System design interviews… during covid times

Naturally, over the last 15 years tech and tech interview processes have changed significantly – though a lot of fundamentals have stayed the same… or, at least, working on standards I like to believe they have stayed the same. After leaving Mozilla, I found myself having returning to the “marketplace” to look for a job, which meant undertaking FAANG-style interviews.


  • Buy the book System Design Interview, by Alex Xu. 
  • Practice is critical. Practice a friend or colleague… easier said than done.
  • If you don’t have great hand-writing, use a digital document instead of paper. 
  • Set up your workspace for the interview (graph paper, ruler, pencil). 
  • Expect the unexpected – and try to keep control of the interview. 
  • Can take about 2+ weeks to prepare (e.g., 1 hour per night + 4-6 hours over two weekend). 
  • Grab my cheat sheet.
  • You will be fine. 

One interview type I’d never done was a “system design” interview: as the name implies this is the kind of interview where you work together with an interviewer to design some kind of system… these can range from, say, “let’s build YouTube” to “let’s build a vending machine” or anything in between. 

The purpose is to figure out the scope of the problem, tease out assumptions, illustrate/design the mayor components, identify key design issues, and then overcome those issues by using various established technological/theoretical tools, techniques, or strategies… or, where possible, throw a bunch of money/people/computers at a problem. 

The design challenges are, of course, all hypothetical – the fun part of these interviews is really the collaborative as aspect, and if you approach it not so much as an interview, but more as a “let’s build something really cool”, these interviews can be a lot of fun. 

Before continuing, I’d strongly recommend the book System Design Interview, by Alex Xu. It provides a broad description of real world systems, and they are described as if in an interview. This post is based heavily on what I learned from that book, and I can’t praise it enough – even as a general book to have around next time you want to build any sort of distributed web site or service or you are just wondering “how is it that <insert favourite website or service> doesn’t come crashing down with some many users?”, or “no wonder X came crashing down, they probably didn’t do Y!”.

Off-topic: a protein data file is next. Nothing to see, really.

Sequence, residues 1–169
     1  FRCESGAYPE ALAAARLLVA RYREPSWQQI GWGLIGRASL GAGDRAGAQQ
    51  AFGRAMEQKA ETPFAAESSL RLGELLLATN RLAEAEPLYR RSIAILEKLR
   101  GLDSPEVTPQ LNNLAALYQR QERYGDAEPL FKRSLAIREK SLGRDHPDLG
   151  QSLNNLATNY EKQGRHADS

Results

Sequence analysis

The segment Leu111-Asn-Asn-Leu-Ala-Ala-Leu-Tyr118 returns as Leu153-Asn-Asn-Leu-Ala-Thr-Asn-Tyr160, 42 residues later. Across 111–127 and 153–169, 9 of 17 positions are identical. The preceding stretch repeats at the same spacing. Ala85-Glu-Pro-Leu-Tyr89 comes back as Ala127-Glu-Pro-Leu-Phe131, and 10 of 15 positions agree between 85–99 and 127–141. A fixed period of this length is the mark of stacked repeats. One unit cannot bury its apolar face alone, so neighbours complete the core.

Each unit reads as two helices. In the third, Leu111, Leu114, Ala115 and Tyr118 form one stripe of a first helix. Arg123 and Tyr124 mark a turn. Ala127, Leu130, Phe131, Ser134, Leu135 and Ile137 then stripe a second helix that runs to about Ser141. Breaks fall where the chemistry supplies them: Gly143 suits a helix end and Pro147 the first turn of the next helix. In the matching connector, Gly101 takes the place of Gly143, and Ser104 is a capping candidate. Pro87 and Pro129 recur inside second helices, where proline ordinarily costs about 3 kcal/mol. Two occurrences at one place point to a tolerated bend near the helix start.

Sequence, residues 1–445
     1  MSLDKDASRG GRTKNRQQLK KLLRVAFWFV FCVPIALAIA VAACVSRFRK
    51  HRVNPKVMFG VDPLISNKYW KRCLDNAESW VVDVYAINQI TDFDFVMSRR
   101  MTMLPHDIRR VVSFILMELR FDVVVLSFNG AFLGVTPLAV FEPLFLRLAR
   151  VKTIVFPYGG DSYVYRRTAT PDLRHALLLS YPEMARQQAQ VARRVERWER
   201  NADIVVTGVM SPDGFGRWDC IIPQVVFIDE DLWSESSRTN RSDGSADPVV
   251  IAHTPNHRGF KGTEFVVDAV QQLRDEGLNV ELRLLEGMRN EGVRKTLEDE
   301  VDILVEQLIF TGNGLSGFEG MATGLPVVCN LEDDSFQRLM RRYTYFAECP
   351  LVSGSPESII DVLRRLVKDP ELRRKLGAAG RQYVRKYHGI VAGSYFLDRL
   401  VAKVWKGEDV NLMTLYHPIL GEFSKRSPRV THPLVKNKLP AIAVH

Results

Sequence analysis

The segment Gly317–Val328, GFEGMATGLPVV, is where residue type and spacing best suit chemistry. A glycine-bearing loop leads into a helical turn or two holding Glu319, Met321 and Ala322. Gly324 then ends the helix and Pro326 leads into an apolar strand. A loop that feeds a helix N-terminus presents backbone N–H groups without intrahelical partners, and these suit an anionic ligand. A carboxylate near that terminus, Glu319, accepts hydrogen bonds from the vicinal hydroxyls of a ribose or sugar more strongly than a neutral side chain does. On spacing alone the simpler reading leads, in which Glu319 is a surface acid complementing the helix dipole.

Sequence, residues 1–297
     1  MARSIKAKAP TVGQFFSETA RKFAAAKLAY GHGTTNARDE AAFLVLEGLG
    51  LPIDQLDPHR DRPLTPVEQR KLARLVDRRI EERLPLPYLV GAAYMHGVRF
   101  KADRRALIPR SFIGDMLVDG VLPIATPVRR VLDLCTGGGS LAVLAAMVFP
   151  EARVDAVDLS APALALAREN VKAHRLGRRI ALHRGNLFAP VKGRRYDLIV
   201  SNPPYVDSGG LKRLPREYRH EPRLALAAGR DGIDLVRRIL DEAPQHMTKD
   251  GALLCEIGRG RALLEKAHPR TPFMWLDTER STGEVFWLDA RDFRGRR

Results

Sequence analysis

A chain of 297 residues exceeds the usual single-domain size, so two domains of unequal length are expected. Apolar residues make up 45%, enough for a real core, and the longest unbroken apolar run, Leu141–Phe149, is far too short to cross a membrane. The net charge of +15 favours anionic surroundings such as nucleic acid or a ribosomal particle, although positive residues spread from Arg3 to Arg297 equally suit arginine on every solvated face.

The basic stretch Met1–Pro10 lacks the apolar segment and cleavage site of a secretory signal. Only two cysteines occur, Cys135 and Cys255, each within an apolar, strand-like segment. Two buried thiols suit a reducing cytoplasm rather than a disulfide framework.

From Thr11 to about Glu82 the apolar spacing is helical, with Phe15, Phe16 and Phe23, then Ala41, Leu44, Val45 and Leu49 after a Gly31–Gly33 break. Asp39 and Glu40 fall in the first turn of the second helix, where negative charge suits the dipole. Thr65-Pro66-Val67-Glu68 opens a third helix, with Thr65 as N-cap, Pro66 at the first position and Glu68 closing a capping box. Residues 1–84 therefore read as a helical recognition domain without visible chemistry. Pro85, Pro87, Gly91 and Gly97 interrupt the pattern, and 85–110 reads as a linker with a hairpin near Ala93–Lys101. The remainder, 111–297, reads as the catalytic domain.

Back to the interview…

The typical system design interview is about 40-45 min, so it’s not very much time. It’s your responsibility to manage that time and get to a reasonable end state where you have some kind of theoretically operational system by the end of the 45 mins. In the System’s Design Book, Alex lays out a framework for the interview. That wasn’t working exactly for me, so I came up with my own breakdown (I include a PDF that I use during my own interviews, which is reduced down to a single page). This is was how I chose break up the interview and how to allot time:

  • Step 0 – Set up your interview space
  • Step 1 – Scope of problem (5 minutes)
  • Step 2 – Assumptions (5 minutes)
  • Step 3 – Draw Components (10 minutes)
  • Step 4 – identify key issues (5 mins)
  • Step 5 – Redesign for key issues (15 mins)
  • Step 6 – Wrap up (5 mins)

Step 0 – Set up your interview space

Most important thing before the interview setting up your interview space or room.

Interview setup, full list of equipment below.

Here are the things I used for my interview:

  • Graph paper
  • Ruler
  • Multiple pencils
  • Eraser
  • Calculator
  • Headphones
  • Interview structure “cheat sheet” (see end of document)

I also propped up my laptop so the camera is at a better angle (which looks more professional… you don’t want people looking up your nose during the interview). This only really works if you intend to do all your design on the graph paper.

If the lighting in the space is poor, you might also consider using a “selfie ring“, which is a LED ring on light. However, if it’s going to make it difficult to see things, don’t use it… or use it to shine light off some other surface onto your face.

Step 1 – Scope of the problem (5 minutes)

First things first! Figure out what you actually have to build. The interviewer will probably just tell you (e.g., a twitter clone). 

What specific feature product/feature/service are you setting out to build? And more importantly, why? This helps tease out who we are solving the problem for (i.e., who are the users).